Figure 13 shows that anti-sliding piles significantly reduced the rates of surface displacement. For the monitoring point J3, the rate of surface displacement after construction was 0.079 mm/day, in contrast to 0.244 mm/day before the construction of anti-sliding piles. For the monitoring point J2, the rate of surface displacement after the construction of anti-sliding piles was 0.068 mm/day, compared with 0.173 mm/day before construction. Before the construction of anti-sliding piles, surface displacement increased rapidly during the rainy season. After the construction of anti-sliding piles, no significant, sudden increased displacement was observed during the rainy season. The displacement curves were relatively flat and the rates of surface displacement were also small. This indicated that anti-sliding piles had a remarkable effect on slope stability. From Fig. 13b, the displacement curves of the two monitoring points (J2 and J3) increased rapidly from November 2018 to January 2019. The main reason for this increase was the disturbance of the engineering construction between the two rows of the anti-slide piles.

Figure 13
figure 13

Surface displacement monitoring result: (a) before the construction of anti-sliding piles; (b) after the construction of anti-sliding piles (Fig. 4).

To further determine the stability of the slope, it was necessary to conduct a deep displacement monitoring project before and after the construction of anti-sliding piles. Three inclinometers, including I1, I2, and I3, were installed along the sliding direction (Fig. 4). The displacements in the lower part of the landslide (I3) were larger than that in the middle (I2) and upper (I1) areas (Fig. 14a–c), indicating that the deformation of the lower part of the landslide is more pronounced than the deformations of other parts. As shown in Fig. 14d–f, the slope reinforced by the anti-slide piles was in a stable state, thereby indicating the positive effect of the anti-slide piles. For the inclinometer I3, the displacement rate after the construction of anti-sliding piles was 0.015 mm/day, compared with 0.236 mm/day before construction. For I2, the displacement rate after construction was 0.015 mm/day, in contrast to 0.114 mm/day before the construction of anti-sliding piles. For I1, the displacement rate decreased from 0.108 to 0.014 mm/day after the construction of anti-sliding piles. Both surface and deep displacement increases were significantly reduced for all the monitoring points by the presence of anti-sliding piles. The reinforcement effect of anti-slide piles on the slope deformation was obviously positive, and the slope body gradually became stable.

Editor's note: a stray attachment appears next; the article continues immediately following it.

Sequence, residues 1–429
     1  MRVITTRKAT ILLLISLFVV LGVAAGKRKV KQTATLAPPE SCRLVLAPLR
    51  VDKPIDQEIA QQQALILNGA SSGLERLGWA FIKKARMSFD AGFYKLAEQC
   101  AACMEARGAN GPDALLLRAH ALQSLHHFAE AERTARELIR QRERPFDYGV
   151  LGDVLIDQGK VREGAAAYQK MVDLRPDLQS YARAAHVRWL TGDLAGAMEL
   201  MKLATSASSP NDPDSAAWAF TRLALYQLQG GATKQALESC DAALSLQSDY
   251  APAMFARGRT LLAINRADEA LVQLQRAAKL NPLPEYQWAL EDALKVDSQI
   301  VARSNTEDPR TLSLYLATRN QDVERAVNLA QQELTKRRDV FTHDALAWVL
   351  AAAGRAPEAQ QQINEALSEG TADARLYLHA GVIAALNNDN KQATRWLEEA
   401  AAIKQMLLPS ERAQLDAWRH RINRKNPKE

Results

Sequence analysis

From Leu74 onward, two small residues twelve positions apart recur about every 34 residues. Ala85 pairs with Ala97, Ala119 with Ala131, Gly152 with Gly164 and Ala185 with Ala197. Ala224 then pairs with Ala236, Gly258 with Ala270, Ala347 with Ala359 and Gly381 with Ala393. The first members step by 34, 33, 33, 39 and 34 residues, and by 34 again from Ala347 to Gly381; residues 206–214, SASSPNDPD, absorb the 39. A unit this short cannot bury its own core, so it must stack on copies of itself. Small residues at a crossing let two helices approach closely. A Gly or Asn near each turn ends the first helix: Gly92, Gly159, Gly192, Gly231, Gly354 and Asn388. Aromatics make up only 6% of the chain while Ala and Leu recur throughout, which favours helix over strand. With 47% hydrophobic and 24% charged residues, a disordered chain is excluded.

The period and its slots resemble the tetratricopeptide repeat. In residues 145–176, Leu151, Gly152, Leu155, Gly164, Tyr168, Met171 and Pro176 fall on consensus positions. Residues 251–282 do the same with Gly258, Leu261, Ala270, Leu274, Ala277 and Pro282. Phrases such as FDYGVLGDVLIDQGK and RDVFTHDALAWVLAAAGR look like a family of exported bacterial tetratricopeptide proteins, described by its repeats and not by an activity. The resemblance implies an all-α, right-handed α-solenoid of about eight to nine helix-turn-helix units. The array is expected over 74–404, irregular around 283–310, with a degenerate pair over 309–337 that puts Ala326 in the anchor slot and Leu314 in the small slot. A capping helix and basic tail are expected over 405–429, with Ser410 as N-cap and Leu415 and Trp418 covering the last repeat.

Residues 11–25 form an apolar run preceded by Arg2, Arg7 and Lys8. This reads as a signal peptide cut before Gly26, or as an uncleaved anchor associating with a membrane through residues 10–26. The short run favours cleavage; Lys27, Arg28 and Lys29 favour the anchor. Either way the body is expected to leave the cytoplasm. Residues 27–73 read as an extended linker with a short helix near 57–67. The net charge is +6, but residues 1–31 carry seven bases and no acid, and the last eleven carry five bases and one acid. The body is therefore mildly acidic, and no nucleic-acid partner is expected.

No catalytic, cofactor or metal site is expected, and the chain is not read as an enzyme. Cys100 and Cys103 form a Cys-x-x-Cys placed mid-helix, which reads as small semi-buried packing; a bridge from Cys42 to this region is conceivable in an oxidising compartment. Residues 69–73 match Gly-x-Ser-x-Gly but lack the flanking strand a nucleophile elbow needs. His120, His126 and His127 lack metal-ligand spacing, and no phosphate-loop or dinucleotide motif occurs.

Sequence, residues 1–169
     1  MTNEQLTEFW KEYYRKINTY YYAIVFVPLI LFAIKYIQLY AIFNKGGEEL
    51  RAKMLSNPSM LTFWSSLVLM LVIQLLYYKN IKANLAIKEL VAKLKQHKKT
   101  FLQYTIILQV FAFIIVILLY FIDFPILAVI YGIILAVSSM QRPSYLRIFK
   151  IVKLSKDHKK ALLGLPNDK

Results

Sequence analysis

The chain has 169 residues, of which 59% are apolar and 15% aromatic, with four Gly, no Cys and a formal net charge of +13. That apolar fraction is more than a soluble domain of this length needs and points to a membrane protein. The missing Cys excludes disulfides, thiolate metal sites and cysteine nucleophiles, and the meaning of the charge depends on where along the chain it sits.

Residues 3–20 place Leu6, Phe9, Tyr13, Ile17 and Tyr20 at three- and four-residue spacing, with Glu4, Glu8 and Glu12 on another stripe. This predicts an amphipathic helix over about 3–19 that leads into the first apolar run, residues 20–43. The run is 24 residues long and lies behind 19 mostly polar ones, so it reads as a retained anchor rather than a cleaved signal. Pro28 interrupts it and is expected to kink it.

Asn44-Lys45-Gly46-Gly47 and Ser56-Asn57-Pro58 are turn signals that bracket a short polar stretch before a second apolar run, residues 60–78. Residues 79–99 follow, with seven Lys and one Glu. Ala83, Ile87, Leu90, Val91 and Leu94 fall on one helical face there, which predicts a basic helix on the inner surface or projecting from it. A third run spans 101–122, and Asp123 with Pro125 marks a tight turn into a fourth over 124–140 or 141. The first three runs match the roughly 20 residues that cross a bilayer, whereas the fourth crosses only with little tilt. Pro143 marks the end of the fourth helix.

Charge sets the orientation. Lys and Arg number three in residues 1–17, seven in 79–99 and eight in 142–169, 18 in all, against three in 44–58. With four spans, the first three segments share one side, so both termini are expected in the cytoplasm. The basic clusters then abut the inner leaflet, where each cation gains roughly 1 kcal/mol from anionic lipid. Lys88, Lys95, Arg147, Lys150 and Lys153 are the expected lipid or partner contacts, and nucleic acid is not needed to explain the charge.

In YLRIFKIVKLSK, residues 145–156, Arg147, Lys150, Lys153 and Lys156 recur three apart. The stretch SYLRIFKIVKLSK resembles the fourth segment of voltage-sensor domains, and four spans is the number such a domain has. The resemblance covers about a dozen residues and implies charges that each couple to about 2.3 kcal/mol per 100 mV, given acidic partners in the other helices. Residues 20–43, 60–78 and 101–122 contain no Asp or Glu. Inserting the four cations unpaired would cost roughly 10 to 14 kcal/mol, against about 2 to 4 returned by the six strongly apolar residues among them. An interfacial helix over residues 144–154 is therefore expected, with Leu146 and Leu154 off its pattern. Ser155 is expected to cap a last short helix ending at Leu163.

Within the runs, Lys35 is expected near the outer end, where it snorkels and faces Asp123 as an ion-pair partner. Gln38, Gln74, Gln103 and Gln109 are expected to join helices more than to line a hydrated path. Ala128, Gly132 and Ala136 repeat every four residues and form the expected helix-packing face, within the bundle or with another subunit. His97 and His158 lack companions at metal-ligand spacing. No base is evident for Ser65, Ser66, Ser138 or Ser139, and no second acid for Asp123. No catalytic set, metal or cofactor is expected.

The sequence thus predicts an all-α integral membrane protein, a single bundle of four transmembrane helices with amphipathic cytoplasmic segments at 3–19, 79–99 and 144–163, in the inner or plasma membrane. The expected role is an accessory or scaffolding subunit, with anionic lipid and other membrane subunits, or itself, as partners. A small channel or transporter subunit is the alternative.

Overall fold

Figure 14
figure 14

Deep displacement obtained by inclinometers: (ac) before the construction of anti-sliding piles; (df) after the construction of anti-sliding piles (Fig. 4).


This paper reported that the Laochang landslide occurred on July 15, 2018, in Tianquan County, Sichuan Province, China. Ground investigations, drilled boreholes, exploratory trenches, and displacement monitoring were carried out to investigate the landslide characteristics and to analyze the engineering control measure. The conclusions are as follows:

  1. 1.

    The Laochang landslide has experienced slow creep deformation in the last 30 years and is a slow-moving landslide in the low mountains area, with a volume of 3.15 × 105 m3. The slip surface was mainly the interface between the superficial deposits and the weathered bedrock strata. The deformation of the Laochang landslide could be divided into two parts: the front strong deformation part with obvious deformation (such as tension cracks and bulges) and the rear weak deformation part with no obvious large deformation but some small surface fissures formed during the rainy season.

  2. 2.

    At present, the landslide still remains unstable, potentially endangering the lives and properties of residents downslope. Therefore, the main engineering control measure such as slope stabilizing piles was installed to strengthen the sliding body above the slip surface by placing the piles embedded into the bedrock. After the construction of the anti-sliding piles, the surface and deep displacement of the landslide was reduced significantly for all the monitoring points, indicating the effectiveness of anti-sliding piles in reducing the risk of the landslide.